Muscat: August 9 represents the 51st anniversary of the change of name of the State from “Sultanate of Muscat and Oman” to the “Sultanate of Oman”.
On July 23, 1970, the sun of the Blessed Renaissance rose and the late His Majesty Sultan Qaboos bin Said bin Taimour announced the birth of a new dawn for Oman and its people to spread light, and for Oman to rise as a people and society to restore its civilised glory and its positive role in the Gulf, Arab and regional surroundings, and to be an advocate of peace and a strong pillar in this vital region of the world, where the interests of many regional and international powers and parties converge.
Dr Mohammed Al Shuaili, Member of the State Council and a researcher of Oman’s history, spoke exclusively to the Times of Oman on the 51st anniversary of the change of the State’s name to the Sultanate of Oman, “In a radio speech to the Omani people, the late His Majesty Sultan Qaboos bin Said bin Taimour announced on August 9, 1970--that is seventeen days from assuming power--the change of name from ‘Sultanate of Muscat and Oman’ to ‘Sultanate of Oman’. The change aimed to eliminate the state of duality between Muscat, the capital, and other regions and to reaffirm the national unity of the Sultanate”.
“Among the issues we would handle today, an issue that is significant in the history of Oman, is our decision on the change of the name of the country and from now onwards our beloved land would be known as “The Sultanate of Oman” and we believe that this change would be the start of a new bright era, and a symbol to our determination for united people in our march towards progress,” said the late His Majesty Sultan Qaboos bin Said bin Taimour in his speech. “His Majesty stressed that by the change of the name of the country, “henceforth there would be a difference neither between the coastal and interior region nor between them and the southern regions; a unified people, one future and one destiny.”
Dr. Al Shuaili went on to say, “This change in the name came because the previous name of the state, “the Sultanate of Muscat and Oman”, indicates the existence of a kind of lack of national unity in the Sultanate, where Oman lived in the twentieth century a state of political division between the coast and the interior regions, and this division was perpetuated by what happened in the Seeb Agreement in 1920, where there were regions in the interior administered by the Imamate, and regions, especially in the coast, administered by the government or rather the sultans.”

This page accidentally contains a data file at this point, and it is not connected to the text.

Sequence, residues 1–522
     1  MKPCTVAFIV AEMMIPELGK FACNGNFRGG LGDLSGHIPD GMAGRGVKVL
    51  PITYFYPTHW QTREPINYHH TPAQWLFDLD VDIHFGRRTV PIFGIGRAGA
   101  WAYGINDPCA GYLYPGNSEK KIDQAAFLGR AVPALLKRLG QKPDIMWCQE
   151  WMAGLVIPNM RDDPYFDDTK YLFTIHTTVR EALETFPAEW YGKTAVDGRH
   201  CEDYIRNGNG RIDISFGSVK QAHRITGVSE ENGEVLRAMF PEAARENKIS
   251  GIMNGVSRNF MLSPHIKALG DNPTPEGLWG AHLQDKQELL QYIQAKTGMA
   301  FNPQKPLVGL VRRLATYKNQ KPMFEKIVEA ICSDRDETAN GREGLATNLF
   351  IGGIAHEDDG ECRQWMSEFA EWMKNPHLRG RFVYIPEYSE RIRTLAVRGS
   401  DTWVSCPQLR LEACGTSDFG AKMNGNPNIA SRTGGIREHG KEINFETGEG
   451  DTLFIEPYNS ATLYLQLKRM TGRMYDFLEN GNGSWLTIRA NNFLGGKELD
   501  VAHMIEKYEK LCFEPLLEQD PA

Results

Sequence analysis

“The name of the State as “Sultanate of Muscat and Oman” had been in use since the reign of the late His Majesty Sultan Taimur bin Faisal, while the name of “Sultanate of Muscat and Oman, Gwadar and Dhofar” has been previously used unofficially,” he added.
Gwadar, which is a port city located on the shores of the Arabian Sea opposite Oman at the southwestern coast of Baluchistan, Pakistan, was an overseas possession of Oman from 1797 to 1958. Dhofar is one third of the total area of the Sultanate of Oman and is located in the Governorate of Dhofar at the southern part of the Sultanate of Oman.
The name “Sultanate of Muscat and Oman” was the official name of the country during the rule of the late His Majesty Sultan Said bin Taimur, while the name “Sultanate of Muscat and Oman, Gwadar and Dhofar” was limited and unofficial and the word Gwadar was removed from the name of the state following the waiver of Gwadar to the Government of Pakistan in 1958, after which the name of the country became “Sultanate of Muscat and Oman and Dhofar” till it was changed to “Sultanate of Muscat and Oman”
Dr Al Shuaili added that the late His Majesty, also announced in his radio speech the design of a new flag that corresponds to the next stage of the nation’s development. The late His Majesty had said, “We have already started studying designs for a national flag whose emblem and colours are witnesses to our determination to unite our country.
“Thus, the Sultanate will have a flag that is distinguished among the countries of the world.”